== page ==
Diversified Labeling Solutions

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 OUTDOOR LABELS

DURABLE LABELS FOR SOME OF THE HARSHEST ENVIRONMENTS

 JULY 21, 2021 BY REBECCA OSTERMAN

 

Have you heard the joke about if you don’t like the weather, wait fifteen minutes? There’s a reason weather jokes persist… The weather can be unpredictable, and in the case of labels, unforgiving. Outdoor labels need to withstand a mix of wind, sun and rain, as well as extreme heat, cold or both. If you don’t choose the right label for your customers, these conditions can take their toll, in some cases causing labels to fade or even fall off. When outdoor labels don’t perform, it can damage your customer’s brand, cause logistical problems, or in some cases even endanger worker safety.

 

Read on to learn more about the effects that the outdoors can have on labels, what you can do to help minimize these effects, and what types of companies depend on outdoor labels.

 

 Hazards for Outdoor Labels

Outdoor labels need to withstand a wide range of environmental conditions including:

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Sun

Direct sunlight can cause considerable wear and damage to labels. UV rays can break down the chemical bonds found in inks, which leads to fading or bleaching. This fading is especially pronounced with bright colors such as reds, yellows and oranges. Many safety labels rely on these brighter colors to be easily recognizable and convey important safety information. This makes fading particularly problematic. Additionally, sun exposure can cause some label substrates to become discolored, crack, peel or shrink. And some adhesives, such as rubber-based ones, can also deteriorate in the sun.

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Temperature

Extreme hot or cold conditions can cause several problems for label performance, both during and after application. Some of these temperature related problems can include labels falling off, curling or puckering. Often, these problems are related to changes that can happen to certain adhesives related to cold or hot conditions. For example, extreme heat can cause some adhesives to ooze. If labels are printed using direct thermal printing, exposure to heat can cause the label to become unreadable. Freezing conditions can create changes in humidity as well as moisture related to ice and frost. Additionally, as labeled objects are exposed to large changes in temperature such as freezing and unfreezing, label material and the object the label is applied to can extract and expand. This can cause the label to stretch or pucker.

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Moisture

Water, in the form of rain, rivers or glaciers is one of the most destructive forces of nature. So, it makes sense that water and moisture are also problematic for outdoor labels. Whether found in humidity, precipitation like rain and snow, sea water, or ice and frost, moisture can cause significant issues. Moisture can be especially hard on paper labels as it breaks down the chemical bonds that hold paper together—compromising the label structure leading to ripping and tearing, or even disintegration. Moisture can also lead to print problems such as smeared, smudged or dripping ink. And in some cases, moisture can cause adhesives to fail, either by getting underneath the label and causing it to peel or by breaking down the adhesive and causing it to fail.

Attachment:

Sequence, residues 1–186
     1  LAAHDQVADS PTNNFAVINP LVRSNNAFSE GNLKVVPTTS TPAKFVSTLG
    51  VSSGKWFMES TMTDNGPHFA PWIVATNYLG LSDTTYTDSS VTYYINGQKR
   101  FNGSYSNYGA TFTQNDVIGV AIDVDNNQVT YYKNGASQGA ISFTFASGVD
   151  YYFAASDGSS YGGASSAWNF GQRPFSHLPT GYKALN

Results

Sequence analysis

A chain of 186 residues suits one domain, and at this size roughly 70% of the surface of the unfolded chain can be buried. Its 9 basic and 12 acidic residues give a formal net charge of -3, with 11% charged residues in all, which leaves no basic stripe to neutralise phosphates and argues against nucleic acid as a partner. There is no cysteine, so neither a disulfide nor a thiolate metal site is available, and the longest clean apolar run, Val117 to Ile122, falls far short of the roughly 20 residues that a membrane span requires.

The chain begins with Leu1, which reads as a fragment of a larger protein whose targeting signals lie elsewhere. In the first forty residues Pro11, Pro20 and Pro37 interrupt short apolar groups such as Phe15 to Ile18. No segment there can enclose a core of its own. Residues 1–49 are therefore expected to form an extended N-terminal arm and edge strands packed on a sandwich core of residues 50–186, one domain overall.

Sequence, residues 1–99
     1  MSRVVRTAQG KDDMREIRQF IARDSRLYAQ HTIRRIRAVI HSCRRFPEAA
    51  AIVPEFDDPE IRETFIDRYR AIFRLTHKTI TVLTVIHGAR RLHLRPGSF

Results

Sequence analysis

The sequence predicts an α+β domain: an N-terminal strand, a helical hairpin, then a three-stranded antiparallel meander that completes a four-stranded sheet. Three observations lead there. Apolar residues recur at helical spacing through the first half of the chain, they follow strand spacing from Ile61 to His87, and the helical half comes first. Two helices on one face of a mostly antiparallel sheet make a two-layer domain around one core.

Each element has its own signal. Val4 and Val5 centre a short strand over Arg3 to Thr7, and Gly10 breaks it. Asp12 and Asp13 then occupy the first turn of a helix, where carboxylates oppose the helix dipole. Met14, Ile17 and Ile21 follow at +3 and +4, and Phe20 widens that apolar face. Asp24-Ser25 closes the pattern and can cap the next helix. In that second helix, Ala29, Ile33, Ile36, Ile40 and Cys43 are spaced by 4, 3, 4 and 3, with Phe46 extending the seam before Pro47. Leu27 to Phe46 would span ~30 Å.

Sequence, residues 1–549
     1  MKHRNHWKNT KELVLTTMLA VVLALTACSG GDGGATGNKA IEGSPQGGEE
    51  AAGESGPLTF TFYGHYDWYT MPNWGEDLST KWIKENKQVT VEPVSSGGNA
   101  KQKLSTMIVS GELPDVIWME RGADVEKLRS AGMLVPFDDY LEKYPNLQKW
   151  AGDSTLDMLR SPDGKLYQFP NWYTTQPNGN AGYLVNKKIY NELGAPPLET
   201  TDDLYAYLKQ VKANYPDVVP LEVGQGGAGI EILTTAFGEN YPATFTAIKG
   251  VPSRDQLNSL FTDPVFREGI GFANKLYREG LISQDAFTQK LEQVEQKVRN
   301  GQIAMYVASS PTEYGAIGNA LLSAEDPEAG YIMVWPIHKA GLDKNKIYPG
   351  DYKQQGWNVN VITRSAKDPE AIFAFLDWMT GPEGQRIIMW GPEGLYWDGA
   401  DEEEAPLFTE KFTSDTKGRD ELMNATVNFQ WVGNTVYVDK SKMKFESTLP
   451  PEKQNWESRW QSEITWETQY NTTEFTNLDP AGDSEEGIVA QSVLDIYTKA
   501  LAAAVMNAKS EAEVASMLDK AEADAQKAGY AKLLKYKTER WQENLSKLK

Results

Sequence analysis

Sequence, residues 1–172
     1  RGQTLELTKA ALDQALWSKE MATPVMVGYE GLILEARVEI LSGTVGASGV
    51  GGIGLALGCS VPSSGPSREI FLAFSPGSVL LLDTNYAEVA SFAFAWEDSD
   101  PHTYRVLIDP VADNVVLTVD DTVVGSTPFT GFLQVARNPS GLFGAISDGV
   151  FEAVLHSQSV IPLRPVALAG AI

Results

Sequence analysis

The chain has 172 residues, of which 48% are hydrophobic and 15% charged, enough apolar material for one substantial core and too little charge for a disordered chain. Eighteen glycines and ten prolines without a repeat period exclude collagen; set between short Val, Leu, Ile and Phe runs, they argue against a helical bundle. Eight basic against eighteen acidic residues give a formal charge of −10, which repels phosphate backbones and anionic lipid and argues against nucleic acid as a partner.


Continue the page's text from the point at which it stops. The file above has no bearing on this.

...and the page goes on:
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Abrasion

Outdoor labels can be affected by abrasion both from direct contact (such as two containers rubbing or bumping against one another) or from dust and debris blown into the label by the wind. Abrasion can cause scuffs and scratches, making the labels harder to read. Over time, abrasion can also break down the label.

 Outdoor Label Solutions

Luckily, despite the damage the outdoor environment can do to labels, there are options to make labels stand up to the elements.

Face Stock:  In most cases, outdoor labels should not be constructed with a paper face stock. Synthetic face stocks such as polyester, polypropylene or vinyl are better able to withstand moisture as well as the abrasion and temperatures faced by outdoor labels. These materials are also more flexible, which allows for the expansion and contraction caused by temperature and moisture changes.

 

Ink:  Depending on the specific conditions the label will be used in, it may be necessary to use special UV-resistant or fade-resistant inks. In some cases it may also be useful to use additional coats of ink to extend the image’s lifespan.

 

Coatings:  Laminates and varnishes can be added to provide additional protection by helping screen out harmful UV rays, create an additional barrier to resist scratching and scuffing and add additional water resistance or water proofing.

 

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 Choosing the Right Outdoor Label

To get the right label for outdoor use, it is vital to ask the right questions… and to dig a little deeper into the answers.

 

What conditions will the label face? As we discussed above, exposure to extreme temperatures, moisture, wind, or abrasives such as dust can wreak havoc on a label. But when determining the conditions the label will face, consider less obvious factors. Perhaps a label will be placed inside equipment that is stored outside, in a place where it won’t necessarily be exposed to UV rays or moisture. But the label will still need to stand up to temperature variations.